For now I’ve moved on to the base. This is the best picture I have of the full water cooler. In Telltale’s Sam & Max games you rarely see this corner of the office due to the camera position.

I started with four pieces of wood — the side pieces are 1″ basswood and the front and back are cut from basswood that’s scored at 1/16″ intervals. The score lines made it easy to cut down to the size I need it and to cut a hole into the front piece. (I also used this wood for the file cabinet.)

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Freelance Police office – file cabinet and stacks of paper

Big news! After a year and a half on preorder, my Sam & Max figures from Boss Fight Studio are finally here! But that’s not even the biggest news…

Sam & Max Save the World — the game my roombox is based on — is being rereleased on PC and Nintendo Switch!

Sam & Max Save the World Remastered will be out on December 2, and I’m handling PR for the launch. The new version was created by a small team of people who worked on the original and acquired the rights after Telltale (the game’s developer) shut down in 2018. Read all about it in this VICE Games article and feast your eyes on the trailer below.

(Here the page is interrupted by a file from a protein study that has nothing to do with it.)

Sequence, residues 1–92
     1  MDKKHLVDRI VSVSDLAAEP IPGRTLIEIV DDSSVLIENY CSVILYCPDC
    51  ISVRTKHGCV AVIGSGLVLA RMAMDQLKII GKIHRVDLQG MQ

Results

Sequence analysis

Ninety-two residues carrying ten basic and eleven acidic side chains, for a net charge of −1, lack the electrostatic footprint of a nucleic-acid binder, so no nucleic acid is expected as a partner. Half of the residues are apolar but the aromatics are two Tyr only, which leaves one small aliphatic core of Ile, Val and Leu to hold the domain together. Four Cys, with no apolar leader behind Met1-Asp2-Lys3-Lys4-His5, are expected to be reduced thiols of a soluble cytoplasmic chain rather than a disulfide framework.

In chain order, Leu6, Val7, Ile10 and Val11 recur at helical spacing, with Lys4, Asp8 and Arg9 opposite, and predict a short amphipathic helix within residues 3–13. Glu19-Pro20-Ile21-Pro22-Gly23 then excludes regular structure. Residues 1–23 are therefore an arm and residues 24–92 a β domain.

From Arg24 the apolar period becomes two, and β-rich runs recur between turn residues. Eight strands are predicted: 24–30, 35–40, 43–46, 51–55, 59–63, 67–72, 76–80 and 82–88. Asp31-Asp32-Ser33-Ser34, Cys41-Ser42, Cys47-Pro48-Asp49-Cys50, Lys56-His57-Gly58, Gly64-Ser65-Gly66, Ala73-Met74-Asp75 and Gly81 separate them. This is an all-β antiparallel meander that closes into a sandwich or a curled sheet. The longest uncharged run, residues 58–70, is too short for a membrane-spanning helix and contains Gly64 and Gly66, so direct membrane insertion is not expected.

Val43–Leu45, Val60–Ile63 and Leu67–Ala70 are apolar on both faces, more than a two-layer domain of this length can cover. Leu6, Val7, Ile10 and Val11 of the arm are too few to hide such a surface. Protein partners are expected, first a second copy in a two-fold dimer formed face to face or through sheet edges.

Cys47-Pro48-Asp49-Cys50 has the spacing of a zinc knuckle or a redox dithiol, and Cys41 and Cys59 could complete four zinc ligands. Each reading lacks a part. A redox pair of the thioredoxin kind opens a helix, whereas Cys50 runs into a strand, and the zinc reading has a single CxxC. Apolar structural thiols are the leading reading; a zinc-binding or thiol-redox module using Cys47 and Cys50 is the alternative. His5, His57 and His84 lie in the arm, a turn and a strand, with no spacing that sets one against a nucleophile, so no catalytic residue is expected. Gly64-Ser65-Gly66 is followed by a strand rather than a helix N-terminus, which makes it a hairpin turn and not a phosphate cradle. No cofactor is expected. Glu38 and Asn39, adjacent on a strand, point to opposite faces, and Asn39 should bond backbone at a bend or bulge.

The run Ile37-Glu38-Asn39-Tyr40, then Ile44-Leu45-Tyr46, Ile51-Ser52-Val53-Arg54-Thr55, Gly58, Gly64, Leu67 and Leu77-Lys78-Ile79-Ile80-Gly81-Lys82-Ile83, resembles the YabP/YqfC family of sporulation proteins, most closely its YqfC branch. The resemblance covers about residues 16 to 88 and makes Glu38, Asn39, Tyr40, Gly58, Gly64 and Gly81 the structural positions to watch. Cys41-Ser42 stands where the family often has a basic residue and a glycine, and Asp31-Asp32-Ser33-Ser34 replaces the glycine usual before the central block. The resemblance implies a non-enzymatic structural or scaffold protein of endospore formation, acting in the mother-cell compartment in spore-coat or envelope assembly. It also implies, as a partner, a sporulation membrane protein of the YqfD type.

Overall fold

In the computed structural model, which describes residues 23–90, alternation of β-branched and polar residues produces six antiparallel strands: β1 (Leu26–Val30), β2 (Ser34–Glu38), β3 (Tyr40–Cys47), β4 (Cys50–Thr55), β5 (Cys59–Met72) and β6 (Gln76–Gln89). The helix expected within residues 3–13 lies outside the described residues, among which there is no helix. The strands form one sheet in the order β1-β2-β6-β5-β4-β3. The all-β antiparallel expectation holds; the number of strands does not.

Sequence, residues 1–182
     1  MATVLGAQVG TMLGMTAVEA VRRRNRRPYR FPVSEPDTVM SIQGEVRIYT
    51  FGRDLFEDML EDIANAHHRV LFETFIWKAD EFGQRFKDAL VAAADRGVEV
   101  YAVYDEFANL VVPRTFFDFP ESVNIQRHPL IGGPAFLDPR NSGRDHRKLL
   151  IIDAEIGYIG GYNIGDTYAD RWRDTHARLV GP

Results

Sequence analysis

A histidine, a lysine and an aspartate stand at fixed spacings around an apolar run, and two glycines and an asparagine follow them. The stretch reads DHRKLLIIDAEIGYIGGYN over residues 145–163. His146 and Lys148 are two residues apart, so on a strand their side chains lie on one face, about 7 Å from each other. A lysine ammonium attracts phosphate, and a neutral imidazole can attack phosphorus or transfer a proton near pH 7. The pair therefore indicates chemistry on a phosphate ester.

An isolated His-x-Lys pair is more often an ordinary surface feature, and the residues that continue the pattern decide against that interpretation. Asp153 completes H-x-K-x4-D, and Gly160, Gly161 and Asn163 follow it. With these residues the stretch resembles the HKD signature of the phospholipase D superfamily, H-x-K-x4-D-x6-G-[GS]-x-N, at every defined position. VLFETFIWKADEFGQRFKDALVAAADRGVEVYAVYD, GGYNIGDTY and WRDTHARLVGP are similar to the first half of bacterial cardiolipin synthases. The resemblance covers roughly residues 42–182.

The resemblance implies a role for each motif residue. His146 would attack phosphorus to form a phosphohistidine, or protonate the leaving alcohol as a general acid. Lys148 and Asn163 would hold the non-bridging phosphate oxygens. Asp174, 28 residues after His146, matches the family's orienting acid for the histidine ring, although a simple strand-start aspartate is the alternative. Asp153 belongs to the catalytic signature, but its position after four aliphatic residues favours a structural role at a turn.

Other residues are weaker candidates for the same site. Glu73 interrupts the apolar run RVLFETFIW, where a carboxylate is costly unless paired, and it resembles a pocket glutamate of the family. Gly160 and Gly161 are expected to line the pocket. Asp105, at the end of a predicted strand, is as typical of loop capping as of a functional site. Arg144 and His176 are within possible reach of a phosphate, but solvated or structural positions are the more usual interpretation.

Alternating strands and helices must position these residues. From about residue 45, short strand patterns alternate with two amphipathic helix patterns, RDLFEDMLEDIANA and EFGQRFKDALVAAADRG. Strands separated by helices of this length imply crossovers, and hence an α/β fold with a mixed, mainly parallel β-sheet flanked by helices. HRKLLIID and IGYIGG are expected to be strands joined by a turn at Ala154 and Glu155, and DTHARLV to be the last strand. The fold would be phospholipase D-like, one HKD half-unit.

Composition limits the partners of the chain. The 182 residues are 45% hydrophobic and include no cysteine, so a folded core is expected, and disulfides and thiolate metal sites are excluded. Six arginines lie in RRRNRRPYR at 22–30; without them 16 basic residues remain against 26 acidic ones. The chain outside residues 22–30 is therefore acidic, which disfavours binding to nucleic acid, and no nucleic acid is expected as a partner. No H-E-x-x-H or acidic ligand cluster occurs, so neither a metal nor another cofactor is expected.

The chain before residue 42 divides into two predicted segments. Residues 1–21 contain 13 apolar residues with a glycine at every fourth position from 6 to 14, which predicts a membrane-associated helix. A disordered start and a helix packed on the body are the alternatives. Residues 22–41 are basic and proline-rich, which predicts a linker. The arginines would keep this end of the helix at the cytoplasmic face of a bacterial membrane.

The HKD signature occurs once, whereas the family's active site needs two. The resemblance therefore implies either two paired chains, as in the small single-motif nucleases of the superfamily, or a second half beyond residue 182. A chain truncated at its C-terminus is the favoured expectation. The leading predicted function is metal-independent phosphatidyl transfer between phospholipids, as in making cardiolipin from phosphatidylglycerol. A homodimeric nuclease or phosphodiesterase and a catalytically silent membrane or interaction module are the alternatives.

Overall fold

If you’re just here for the dollhouses and have no idea what I’m talking about, my first post about the Freelance Police roombox has a crash course on the history of this series and my connection to it.

The Freelance Police office looks more cartoony in the new version — closer to Steve Purcell’s comics.

It now has lighting and shadows that the tech couldn’t handle in the original, and the color of the walls is more green. (But I will not repaint my walls!)

Here’s how my office looks so far:

This weekend I made the file cabinet to the right of Sam’s desk. I made this out of 1/16″ thick basswood, with 1/4″ square basswood as supports inside the cabinet. (The cabinet is hollow with fake drawers.)

I wanted to make the drawers square like they are in the game, but in order to have three square drawers I would have had to make the file cabinet shorter, and then it would have seemed too short next to Sam.